Wildbuzz: grief, love and redemption

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The Northern Goshawk, or Baaz, the state bird of Punjab, finds resonance not only in the history, culture and religion of the subcontinent, but it is a bird that has resisted the falcon. pilgrim in the worldwide practice of the art of falconry. No individual in contemporary history has done more to popularize the Northern Goshawk than Helen Macdonald, who wrote an account of his relationship with a female Northern Goshawk, Mabel, in H is for Hawk. Brutally honest, the memoir brimming with emotional richness has stirred the souls of naturalists.

Macdonald, an Englishwoman, has lost her father. To get rid of the stranglehold of grief and the grip on healing, Macdonald began training a difficult goshawk as she wanted to immerse herself in a creature that knew neither remorse nor emotion. “As she tries to go through a deep and deep sorrow .. With the taming of the hawks, Helen is untamed, in a book with a love deep in her heart,” is how her book has been expressed.

Female goshawks can be enigmatic, charming, and loyal to the trainer like a companion dog, with flashing lemon-yellow eyes that turn orange with age. But the avian hunter is pure brutality when unleashed on hares and pheasants. The Northern Goshawk pinches live prey with its talons and tears off its breast during malicious “open heart surgery”. Tracking the picturesque English moors with Mabel, Macdonald wrote: “Everything was gone except that quiet, woodland scene. In which I intended to let havoc and murder escape. Helen and Mabel would share the prey that the latter slaughtered.

The book won awards and was made into a popular BBC series, Macdonald went on to become a celebrity, appearing in Vogue. “Goshawks are the Christopher Walken of birds … not extraordinarily intelligent like dogs or parrots, but they have phenomenal tactical intelligence, like the way they use the winds to attack, like a military operation,” Macdonald said. . as told.

A female Gharial before the rescue of an Abohar water channel. (PHOTO: PUNJAB FOREST AND WILDLIFE CONSERVATION DEPARTMENT)

Gharials, free to move around

The critically endangered species, the gharials, are all set to continue swimming against the tide of extinction in the Punjab section of the Indus system.

The Forestry and Wildlife Conservation Department will release 25 gharials near the village of Miani in the Beas Conservation Reserve (BCR) on December 5, 2021. This will bring the number of gharials released into the BCR to 95, and the fourth of these captive-bred lots Gavials released since that historic day of December 25, 2017, when 10 Gavials were the first to taste the silvery ripples of the Beas. Miani village falls under Dasuya tehsil of Hoshiarpur. The location chosen for the impending liberation is considerably upstream of the Harike Dam, 104-112 km as the Beas meanders. The release sites of the four lots have progressed upstream since 2017, as a few Gharials were dragged into the Harike dam and either died or were washed away by the canals and reached the areas of Abohar-Muktsar, at 60-70 km downstream of the dam. The lives of the Gharials swept downstream from the dam were endangered. However, the department was able to carry out their rescues from the system of canals and minor drains. The other factor, which resulted in the selection of the Kula Fattah forests on the banks of the Beas near the village of Miani, is that the section of the river here enjoys relatively intact habitat and sits on a long chain of islands. Islands are essential for gharial reproduction and protect against turbulence in water levels.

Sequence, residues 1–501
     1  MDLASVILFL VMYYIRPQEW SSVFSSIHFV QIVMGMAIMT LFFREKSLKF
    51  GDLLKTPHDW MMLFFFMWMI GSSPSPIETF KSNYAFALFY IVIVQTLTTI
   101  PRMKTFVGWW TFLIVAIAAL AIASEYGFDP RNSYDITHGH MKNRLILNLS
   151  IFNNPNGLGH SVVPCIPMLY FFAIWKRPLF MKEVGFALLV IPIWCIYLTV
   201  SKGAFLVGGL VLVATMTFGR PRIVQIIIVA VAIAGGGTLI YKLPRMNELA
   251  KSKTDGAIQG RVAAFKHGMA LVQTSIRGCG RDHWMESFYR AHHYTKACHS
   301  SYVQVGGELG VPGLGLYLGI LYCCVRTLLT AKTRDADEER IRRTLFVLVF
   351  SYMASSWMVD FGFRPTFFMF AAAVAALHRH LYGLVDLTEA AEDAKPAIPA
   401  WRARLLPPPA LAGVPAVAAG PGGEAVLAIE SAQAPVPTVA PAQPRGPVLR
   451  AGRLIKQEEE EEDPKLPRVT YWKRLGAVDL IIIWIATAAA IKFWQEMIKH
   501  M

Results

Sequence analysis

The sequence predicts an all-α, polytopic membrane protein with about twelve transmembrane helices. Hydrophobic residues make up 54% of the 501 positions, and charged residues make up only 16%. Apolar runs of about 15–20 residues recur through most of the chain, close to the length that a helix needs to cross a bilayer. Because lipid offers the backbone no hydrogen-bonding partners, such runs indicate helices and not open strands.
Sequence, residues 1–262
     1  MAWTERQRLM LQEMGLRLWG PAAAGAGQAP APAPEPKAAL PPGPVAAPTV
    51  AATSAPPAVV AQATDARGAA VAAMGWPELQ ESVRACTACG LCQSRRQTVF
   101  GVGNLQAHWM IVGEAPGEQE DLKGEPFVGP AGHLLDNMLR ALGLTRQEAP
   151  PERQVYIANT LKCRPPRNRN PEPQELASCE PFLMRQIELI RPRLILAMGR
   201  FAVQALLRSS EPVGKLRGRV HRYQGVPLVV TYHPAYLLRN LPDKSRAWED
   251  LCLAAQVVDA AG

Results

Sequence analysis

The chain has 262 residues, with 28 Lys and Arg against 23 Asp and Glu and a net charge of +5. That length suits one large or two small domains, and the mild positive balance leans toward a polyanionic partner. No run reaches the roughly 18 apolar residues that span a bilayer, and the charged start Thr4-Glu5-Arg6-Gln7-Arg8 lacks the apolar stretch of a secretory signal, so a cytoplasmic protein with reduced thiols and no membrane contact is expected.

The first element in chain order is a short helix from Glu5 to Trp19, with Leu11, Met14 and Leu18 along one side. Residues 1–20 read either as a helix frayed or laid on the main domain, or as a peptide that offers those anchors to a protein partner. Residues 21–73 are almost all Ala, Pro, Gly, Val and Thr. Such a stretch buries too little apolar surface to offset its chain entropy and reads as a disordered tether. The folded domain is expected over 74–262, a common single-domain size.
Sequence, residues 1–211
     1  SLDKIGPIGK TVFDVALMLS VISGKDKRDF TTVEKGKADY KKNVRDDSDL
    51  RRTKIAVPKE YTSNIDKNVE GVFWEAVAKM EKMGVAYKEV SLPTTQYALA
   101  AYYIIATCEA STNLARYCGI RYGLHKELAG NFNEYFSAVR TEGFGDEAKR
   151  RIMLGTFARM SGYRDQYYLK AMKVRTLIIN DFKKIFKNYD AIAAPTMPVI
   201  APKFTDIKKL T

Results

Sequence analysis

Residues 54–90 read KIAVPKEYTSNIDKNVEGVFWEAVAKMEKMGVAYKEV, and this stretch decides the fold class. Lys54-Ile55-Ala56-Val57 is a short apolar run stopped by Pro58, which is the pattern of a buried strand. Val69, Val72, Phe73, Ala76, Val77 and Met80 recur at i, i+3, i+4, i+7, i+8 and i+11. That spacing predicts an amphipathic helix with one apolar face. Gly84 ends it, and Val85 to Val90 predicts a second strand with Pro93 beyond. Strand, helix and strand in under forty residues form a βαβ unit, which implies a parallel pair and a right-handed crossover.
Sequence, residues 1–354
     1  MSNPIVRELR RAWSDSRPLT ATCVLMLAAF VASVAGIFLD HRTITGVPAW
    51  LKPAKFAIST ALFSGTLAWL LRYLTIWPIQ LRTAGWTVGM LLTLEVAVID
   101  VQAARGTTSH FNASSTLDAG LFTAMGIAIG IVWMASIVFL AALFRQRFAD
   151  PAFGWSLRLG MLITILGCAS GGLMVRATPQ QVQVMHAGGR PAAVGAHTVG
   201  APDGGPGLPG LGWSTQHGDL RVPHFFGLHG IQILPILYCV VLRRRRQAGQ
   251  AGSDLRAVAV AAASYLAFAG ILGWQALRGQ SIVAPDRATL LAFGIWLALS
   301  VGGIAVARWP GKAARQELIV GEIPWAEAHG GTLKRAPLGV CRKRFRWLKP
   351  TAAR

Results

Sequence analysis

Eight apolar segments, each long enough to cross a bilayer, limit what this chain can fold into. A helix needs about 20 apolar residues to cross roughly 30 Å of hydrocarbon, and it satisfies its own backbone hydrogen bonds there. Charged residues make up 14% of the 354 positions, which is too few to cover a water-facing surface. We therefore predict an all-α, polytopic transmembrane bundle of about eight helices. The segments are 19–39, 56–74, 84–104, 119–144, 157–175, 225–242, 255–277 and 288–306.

The litmus test for the Punjab gharial reintroduction program will be reached when the released gharials begin to breed. Until the department first published gharials in 2017 on beas, the species was extinct in the Indus system. Of the three river systems dominating the subcontinent, only the Brahmputra remains devoid of Gharials. The Ganges system was the first to support reintroductions.

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